Malawi Airlines will resume operations mid-next month after being grounded for over seven months, the company’s board chairperson George Patridge announced yesterday.
But authorities were tight-lipped on how much the shareholders—Malawi Government and Ethiopian Airlines—will pump into the cash-strapped airline to get it off the ground.
The move follows President Lazarus Chakwera’s decision to have the airline recapitalised rather than liquidate it, as had been proposed on the back of losses largely blamed on Covid-19 that has restricted air traffic.
Based on the airline’s board resolutions of March 25 2021, Malawi Airlines had cumulative losses of K14 billion ($17.86 million) in February 2021 against accumulated debts of K13.8 billion ($17.5 million), forcing it to cease operations.
But on Thursday, Partridge said in a statement that flights will resume mid-June, thanking shareholders for a ‘timely’ bailout.
He said: “This follows an agreement which was reached by our shareholders (Malawi Government and Ethiopian Airlines) to recapitalise the national flag carrier after the Board of Directors had earlier declared the company technically insolvent.
“The insolvency was mainly occasioned by the seven-month period the airline had no revenue when it was not in operation due to local and international lockdowns as a result of the Covid-19 pandemic while it was honouring significant fixed cost obligations”
While Treasury spokesperson Williams Banda said the Ministry of Information would be the best to comment on the figures, Information Minister Gospel Kazako did not pick up calls yesterday.
Even senior public relations officer for Malawi Airlines, Joseph Josiah, said the amount involved will depend on how Covid 19 plays out.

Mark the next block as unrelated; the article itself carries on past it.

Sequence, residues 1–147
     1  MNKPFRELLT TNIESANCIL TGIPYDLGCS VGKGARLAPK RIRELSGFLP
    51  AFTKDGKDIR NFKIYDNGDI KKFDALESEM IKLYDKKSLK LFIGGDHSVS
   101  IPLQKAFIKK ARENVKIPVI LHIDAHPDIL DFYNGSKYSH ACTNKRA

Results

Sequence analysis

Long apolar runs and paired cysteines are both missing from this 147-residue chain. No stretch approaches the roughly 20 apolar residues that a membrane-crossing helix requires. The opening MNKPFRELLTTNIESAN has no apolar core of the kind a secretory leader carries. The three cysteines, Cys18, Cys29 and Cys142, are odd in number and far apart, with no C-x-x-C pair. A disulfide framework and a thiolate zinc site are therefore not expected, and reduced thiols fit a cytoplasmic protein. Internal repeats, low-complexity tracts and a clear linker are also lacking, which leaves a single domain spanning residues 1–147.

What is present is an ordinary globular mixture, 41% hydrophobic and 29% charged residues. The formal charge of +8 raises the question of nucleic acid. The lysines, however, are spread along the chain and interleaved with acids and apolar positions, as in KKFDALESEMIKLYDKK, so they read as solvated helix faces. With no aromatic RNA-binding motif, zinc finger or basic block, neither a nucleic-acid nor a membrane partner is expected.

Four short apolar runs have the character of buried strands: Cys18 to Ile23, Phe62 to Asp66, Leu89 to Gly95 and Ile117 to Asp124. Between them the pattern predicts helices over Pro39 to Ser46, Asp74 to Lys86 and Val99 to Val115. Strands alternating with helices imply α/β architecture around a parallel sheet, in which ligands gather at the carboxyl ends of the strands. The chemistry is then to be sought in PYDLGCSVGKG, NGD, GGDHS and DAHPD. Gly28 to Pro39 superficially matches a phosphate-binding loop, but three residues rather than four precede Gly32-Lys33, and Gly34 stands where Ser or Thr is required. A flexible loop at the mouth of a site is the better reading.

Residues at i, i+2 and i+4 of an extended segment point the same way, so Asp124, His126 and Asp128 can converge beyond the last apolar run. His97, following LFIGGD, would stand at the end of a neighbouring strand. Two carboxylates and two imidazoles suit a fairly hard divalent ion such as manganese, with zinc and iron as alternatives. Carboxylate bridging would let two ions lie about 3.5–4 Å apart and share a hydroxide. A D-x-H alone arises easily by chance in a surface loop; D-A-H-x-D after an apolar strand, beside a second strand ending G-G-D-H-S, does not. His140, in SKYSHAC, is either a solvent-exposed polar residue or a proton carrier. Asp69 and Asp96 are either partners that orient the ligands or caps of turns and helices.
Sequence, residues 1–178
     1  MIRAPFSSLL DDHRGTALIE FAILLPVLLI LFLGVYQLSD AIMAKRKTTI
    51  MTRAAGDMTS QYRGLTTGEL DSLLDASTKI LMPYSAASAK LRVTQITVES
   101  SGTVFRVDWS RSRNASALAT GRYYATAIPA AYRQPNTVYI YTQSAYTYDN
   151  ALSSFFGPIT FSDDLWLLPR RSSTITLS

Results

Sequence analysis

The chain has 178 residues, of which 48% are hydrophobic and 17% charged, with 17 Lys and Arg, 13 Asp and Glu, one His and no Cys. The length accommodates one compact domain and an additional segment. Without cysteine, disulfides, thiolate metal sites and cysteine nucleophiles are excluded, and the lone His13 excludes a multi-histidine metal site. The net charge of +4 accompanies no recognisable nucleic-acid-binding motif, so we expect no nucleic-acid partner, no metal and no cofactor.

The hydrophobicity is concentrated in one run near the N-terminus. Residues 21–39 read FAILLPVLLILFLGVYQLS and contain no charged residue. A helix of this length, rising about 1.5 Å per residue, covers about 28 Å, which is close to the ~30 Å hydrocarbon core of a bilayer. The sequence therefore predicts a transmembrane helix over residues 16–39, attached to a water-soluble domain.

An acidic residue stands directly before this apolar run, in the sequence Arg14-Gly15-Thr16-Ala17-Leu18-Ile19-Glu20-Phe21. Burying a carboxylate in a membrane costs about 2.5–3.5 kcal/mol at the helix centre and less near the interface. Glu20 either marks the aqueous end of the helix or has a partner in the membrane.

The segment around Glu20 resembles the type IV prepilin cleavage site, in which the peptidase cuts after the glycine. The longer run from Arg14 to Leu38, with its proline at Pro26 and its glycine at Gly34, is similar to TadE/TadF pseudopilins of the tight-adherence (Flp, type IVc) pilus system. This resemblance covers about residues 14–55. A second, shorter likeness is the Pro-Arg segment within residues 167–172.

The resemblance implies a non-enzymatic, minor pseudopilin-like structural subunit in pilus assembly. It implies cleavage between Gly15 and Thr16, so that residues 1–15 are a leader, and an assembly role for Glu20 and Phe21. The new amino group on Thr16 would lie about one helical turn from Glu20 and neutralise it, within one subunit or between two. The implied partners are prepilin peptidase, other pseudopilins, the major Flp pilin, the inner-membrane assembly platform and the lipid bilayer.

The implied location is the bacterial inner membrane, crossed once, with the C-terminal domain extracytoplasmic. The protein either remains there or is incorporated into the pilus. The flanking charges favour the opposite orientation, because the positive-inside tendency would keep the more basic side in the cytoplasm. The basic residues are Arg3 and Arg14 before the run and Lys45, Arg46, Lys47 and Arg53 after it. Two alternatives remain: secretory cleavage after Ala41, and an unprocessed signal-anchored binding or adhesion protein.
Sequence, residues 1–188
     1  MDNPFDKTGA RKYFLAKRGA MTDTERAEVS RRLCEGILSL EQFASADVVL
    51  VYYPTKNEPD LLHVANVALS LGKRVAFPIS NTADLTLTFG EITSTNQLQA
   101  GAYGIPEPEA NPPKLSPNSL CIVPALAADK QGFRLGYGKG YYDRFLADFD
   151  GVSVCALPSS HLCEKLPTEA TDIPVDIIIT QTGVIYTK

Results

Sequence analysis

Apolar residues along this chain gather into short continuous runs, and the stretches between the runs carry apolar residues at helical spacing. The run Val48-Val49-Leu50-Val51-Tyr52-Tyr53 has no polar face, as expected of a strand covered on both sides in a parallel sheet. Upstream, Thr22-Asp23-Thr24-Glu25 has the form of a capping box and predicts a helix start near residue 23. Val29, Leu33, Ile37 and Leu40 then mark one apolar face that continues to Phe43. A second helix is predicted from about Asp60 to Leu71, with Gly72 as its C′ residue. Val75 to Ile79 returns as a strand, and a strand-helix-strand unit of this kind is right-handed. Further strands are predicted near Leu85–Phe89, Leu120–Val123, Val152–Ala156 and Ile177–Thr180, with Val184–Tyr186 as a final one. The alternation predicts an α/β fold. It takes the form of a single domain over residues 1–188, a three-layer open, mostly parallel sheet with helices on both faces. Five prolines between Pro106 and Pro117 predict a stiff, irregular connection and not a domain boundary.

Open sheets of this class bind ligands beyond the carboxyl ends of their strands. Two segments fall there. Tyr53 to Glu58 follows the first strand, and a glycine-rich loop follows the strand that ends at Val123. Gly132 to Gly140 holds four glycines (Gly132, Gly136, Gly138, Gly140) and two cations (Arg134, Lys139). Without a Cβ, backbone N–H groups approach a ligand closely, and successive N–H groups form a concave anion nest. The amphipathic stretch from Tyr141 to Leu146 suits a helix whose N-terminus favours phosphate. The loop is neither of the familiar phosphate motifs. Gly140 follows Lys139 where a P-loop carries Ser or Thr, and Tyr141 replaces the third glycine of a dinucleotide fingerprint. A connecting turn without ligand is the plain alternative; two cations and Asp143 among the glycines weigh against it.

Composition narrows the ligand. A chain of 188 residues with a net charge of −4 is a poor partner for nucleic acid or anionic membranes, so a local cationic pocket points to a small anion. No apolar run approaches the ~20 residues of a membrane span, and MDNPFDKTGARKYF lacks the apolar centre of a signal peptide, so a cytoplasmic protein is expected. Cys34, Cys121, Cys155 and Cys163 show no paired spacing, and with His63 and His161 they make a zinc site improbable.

He said: “As you know, we are in the current financial situation largely due to the impact of the pandemic, which has hugely affected the entire industry and current projections indicate it may take at least two years before the industry picks up in terms of traffic.
“The good news for us this time is that the shareholders have committed to seeing the airline through this difficult time, until full recovery is possible.”
On how much injection is coming from government, Josiah said calculations were still being made.
“There is still some work being done, and yet to be finalised and when time is right, government, through the Ministry of Finance, will obviously make an announcement to the public on how much government will have decided to pump into the airline,” he added.
Recently, Weekend Nation revealed that Malawi Airlines—formed after the liquidation of Air Malawi—posted zero profits in the past five years, but paid over K41 billion for aircraft sub leases, management fees and other payments to its strategic investor, Ethiopian Airlines.
Partridge confirmed in an e-mail response at the time that the airline had not posted profits since it started in 2014.
He said: “Since the airline started, I can confirm it has not made any profits. The major return and primary objective of the investment was the general economic returns on the investment due to the connectivity that the airline is providing in the most efficient and effective way. This objective has largely been achieved compared to the time we had no national airline.”